Date of Completion

Spring 5-12-2013

Thesis Advisor(s)

William Snyder

Honors Major



Linguistics | Philosophy of Language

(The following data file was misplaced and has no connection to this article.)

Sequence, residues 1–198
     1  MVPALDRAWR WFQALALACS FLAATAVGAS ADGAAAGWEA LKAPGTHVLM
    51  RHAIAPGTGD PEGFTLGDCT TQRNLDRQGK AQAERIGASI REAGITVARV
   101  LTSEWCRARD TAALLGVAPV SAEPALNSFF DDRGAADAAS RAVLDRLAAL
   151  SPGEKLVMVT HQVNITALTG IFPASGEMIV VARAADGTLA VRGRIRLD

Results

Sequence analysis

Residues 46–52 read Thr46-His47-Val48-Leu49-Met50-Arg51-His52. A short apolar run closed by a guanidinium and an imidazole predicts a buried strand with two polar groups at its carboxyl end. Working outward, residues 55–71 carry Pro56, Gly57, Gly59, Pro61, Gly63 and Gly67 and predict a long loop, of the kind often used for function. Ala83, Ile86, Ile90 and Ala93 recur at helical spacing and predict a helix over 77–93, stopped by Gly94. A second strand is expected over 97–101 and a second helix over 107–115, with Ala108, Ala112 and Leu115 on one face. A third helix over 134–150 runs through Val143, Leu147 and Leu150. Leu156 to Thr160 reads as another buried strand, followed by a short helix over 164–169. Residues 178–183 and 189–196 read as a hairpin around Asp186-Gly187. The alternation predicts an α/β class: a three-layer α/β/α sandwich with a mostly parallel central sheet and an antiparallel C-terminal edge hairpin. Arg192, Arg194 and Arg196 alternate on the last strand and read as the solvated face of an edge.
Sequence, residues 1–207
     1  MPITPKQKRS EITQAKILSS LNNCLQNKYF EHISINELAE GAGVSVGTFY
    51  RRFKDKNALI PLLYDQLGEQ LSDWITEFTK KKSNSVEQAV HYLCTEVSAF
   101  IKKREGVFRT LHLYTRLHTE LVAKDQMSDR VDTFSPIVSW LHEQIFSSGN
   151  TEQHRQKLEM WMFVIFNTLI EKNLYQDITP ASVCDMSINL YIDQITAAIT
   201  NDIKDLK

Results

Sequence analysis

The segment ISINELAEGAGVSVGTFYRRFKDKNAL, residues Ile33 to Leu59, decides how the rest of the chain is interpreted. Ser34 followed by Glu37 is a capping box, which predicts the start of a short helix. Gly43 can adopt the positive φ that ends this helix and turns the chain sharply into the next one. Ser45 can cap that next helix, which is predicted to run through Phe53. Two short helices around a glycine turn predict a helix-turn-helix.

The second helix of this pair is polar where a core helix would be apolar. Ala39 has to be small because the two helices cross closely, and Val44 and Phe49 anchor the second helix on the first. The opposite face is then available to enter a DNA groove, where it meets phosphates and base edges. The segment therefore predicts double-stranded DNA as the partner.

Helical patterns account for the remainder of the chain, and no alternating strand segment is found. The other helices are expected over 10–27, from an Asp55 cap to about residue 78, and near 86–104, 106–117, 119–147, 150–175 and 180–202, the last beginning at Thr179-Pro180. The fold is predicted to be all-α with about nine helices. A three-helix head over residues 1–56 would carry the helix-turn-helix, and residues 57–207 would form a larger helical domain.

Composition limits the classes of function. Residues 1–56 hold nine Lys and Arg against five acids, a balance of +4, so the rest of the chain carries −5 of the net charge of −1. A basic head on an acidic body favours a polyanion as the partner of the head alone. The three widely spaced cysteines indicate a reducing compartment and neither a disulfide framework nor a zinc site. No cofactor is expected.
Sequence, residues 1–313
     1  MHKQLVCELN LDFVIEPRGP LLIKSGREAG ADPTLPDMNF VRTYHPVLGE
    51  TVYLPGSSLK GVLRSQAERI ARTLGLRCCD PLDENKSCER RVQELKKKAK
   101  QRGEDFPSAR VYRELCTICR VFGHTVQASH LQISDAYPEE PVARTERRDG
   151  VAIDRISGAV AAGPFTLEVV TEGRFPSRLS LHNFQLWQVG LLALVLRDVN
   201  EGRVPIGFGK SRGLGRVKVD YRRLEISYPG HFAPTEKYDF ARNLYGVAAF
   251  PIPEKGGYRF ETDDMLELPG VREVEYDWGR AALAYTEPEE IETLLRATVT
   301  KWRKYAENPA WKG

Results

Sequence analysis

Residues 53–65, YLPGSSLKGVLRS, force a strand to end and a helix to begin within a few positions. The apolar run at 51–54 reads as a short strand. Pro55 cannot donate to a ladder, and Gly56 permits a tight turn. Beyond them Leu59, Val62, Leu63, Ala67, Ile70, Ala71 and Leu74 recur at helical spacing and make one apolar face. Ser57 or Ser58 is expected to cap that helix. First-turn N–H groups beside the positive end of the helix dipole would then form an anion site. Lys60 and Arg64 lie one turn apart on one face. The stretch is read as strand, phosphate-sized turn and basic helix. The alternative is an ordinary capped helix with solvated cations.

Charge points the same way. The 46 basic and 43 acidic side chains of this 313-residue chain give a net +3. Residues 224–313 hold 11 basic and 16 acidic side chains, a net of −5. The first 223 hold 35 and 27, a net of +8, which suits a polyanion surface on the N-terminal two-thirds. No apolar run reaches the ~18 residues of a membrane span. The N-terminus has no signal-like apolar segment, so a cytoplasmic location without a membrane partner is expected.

There is a debate over whether children exhibit a delay in the development of Principle B, one of three chief binding principles. The present study examines spontaneous speech data from nine children and identifies Principle B errors in third person pronouns. The study uses spectrographic analysis on a sample of utterances to determine the frequency of cliticized pronoun use. The results found that children do not make Principle B errors in spontaneous speech, and that they do not use shortened pronoun forms more often than fully pronounced pronouns.